Things Hoosiers have to explain to out-of-towners
EDITOR’S NOTE: The rivalry totals between Purdue and IU were previously reported incorrectly, they have been updated to reflect the current score.
INDIANAPOLIS — Hoosiers have a pretty lengthy history of having to explain and clarify certain facts about the state, with one of the leading controversial topics being the name “Hoosier.”
If you’re speaking with a non-native Hoosier or out-of-town friend, family or colleague, they may try to suggest Indiana residents can be called Indianans and that’s far from the truth.
According to the Indiana Historical Bureau, residents of the state have been called Hoosiers. It’s also one of the oldest state nicknames with a wider acceptance than most.
The “Hoosier” name
It’s one of the biggest debates of the state as to where “Hoosier” actually originated from since its general usage became regular in the 1830s.
The IHB listed a few popular theories to outline how citizens adopted the nickname:
- When a visitor hailed a pioneer cabin in Indiana or knocked upon its door, the settler would respond, “Who’s yere?” And from this frequent response Indiana became the “Who’s yere” or Hoosier state. No one ever explained why this was more typical of Indiana than of Illinois or Ohio.
- That Indiana rivermen were so spectacularly successful in trouncing or “hushing” their adversaries in the brawling that was then common that they became known as “hushers,” and eventually Hoosiers.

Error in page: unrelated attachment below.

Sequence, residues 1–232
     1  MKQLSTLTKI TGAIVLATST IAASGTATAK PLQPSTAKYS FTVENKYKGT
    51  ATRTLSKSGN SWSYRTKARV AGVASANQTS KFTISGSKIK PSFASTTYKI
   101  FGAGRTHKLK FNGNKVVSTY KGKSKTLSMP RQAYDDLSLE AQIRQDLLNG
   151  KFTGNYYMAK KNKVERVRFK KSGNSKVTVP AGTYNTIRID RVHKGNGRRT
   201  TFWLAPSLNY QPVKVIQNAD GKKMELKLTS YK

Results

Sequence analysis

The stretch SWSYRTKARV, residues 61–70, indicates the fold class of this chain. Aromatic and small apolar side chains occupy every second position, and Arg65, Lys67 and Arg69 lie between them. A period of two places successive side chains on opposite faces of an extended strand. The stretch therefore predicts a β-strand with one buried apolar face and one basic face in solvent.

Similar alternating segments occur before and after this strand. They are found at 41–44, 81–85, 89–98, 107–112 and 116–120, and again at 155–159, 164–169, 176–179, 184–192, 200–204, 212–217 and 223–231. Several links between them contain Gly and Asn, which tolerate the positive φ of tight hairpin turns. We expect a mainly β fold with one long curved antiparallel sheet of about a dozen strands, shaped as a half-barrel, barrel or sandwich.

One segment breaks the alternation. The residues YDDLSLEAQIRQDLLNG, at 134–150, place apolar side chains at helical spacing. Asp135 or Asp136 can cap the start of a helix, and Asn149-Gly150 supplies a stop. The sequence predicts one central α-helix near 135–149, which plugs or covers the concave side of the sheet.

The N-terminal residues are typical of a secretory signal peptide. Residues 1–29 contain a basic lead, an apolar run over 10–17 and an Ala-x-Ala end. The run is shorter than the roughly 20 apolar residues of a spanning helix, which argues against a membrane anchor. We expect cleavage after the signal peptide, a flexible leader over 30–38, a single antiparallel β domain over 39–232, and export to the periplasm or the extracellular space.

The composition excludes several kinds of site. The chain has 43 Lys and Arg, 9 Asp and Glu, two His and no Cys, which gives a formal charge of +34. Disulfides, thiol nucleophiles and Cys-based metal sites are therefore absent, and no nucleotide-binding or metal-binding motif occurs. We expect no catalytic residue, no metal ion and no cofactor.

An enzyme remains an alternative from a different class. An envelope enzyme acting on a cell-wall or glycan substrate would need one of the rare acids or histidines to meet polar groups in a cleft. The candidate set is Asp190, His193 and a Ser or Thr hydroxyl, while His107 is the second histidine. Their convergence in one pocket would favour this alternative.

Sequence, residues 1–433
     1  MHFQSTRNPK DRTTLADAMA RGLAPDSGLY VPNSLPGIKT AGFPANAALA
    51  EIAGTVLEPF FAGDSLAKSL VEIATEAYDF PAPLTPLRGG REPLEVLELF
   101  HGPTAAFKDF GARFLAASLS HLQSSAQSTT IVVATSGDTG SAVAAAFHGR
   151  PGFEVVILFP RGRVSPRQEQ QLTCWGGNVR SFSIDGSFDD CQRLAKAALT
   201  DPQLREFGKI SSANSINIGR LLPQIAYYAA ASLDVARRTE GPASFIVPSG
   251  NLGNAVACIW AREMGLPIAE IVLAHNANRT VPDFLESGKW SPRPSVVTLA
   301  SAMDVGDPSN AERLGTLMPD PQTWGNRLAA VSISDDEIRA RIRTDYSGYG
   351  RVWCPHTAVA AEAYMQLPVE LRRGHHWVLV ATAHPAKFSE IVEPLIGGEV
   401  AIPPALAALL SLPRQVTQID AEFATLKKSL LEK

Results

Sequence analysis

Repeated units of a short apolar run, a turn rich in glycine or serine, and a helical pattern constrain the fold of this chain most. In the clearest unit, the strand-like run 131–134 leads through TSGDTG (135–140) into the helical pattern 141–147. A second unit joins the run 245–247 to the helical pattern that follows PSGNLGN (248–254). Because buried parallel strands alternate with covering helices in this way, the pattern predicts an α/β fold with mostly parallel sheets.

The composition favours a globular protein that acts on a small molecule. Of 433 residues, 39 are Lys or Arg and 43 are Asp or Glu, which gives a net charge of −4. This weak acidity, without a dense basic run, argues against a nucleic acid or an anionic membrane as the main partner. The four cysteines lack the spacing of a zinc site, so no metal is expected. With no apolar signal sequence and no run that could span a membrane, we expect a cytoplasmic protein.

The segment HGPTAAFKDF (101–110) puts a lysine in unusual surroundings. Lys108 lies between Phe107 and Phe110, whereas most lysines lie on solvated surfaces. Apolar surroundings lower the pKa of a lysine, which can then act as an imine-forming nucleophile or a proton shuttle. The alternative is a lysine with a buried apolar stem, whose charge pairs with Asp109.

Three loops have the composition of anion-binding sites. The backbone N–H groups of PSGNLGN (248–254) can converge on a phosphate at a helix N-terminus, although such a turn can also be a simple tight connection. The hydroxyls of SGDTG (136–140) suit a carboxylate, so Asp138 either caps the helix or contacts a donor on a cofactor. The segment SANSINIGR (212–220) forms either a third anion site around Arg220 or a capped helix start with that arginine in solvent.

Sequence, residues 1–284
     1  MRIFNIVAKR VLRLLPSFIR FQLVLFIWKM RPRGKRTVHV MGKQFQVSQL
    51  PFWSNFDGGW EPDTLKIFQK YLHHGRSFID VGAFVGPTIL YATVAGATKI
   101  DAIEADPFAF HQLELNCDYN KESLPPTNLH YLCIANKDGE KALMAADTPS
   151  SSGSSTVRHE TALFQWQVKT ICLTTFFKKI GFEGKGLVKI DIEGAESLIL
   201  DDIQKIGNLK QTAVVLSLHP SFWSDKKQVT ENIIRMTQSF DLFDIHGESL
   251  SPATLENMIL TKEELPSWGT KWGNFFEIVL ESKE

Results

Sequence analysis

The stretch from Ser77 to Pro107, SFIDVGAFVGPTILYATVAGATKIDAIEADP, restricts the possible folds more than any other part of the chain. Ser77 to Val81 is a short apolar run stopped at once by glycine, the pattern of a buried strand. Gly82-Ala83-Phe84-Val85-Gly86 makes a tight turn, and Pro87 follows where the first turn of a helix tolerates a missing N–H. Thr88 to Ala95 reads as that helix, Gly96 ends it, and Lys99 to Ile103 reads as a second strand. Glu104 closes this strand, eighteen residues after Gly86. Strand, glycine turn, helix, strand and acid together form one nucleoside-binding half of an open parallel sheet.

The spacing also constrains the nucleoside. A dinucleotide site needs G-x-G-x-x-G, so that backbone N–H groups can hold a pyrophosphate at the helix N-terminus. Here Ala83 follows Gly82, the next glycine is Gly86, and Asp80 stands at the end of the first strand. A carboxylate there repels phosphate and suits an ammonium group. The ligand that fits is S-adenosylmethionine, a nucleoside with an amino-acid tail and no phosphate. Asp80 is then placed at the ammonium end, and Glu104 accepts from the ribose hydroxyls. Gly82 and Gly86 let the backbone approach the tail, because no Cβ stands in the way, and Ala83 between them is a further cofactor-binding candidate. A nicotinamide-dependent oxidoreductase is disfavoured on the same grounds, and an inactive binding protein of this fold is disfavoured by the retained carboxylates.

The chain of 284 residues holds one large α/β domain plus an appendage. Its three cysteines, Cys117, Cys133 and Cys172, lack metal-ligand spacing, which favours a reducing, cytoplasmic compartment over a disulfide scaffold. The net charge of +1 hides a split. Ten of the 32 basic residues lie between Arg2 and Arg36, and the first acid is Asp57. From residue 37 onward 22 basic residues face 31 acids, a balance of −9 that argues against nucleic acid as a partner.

- There was once a contractor named Hoosier employed on the Louisville and Portland Canal who preferred to hire laborers from Indiana. They were called “Hoosier’s men” and eventually all Indianans were called Hoosiers.
- A theory attributed to Gov. Joseph Wright derived Hoosier from an Indian word for corn, “hoosa.” Indiana flatboat men taking corn or maize to New Orleans came to be known as “hoosa men” or Hoosiers. Unfortunately for this theory, a search of Indian vocabularies by a careful student of linguistics failed to reveal any such word for corn.
- Quite as plausible as these was the facetious explanation offered by “The Hoosier Poet,” James Whitcomb Riley. He claimed that Hoosier originated in the pugnacious habits of our early settlers. They were enthusiastic and vicious fighters who gouged, scratched and bit off noses and ears. This was so common an occurrence that a settler coming into a tavern the morning after a fight and seeing an ear on the floor would touch it with his toe and casually ask, “Whose ear?”
The point is, Hoosiers is the nickname for residents of Indiana.
When it comes to basketball, any Hoosier will explain that you must pick a side. There are friend groups, families and even relationships that can be torn apart by the Indiana and Purdue rivalry.
Some people may even ask who you’re rooting for ahead of time to avoid any tension in the relationship.
This is also true for the movie “Hoosiers.” Many residents actually do love high school basketball just as much as college.
The Indiana Pacers NBA fans can sometimes be hit-and-miss depending on how the team is performing in the league but that doesn’t diminish their importance in the community.
State fair and food
The Indiana State Fair is a big and annual staple for Hoosiers. It’s a long tradition that many will attend each year. Some will even come from out of town to attend the event.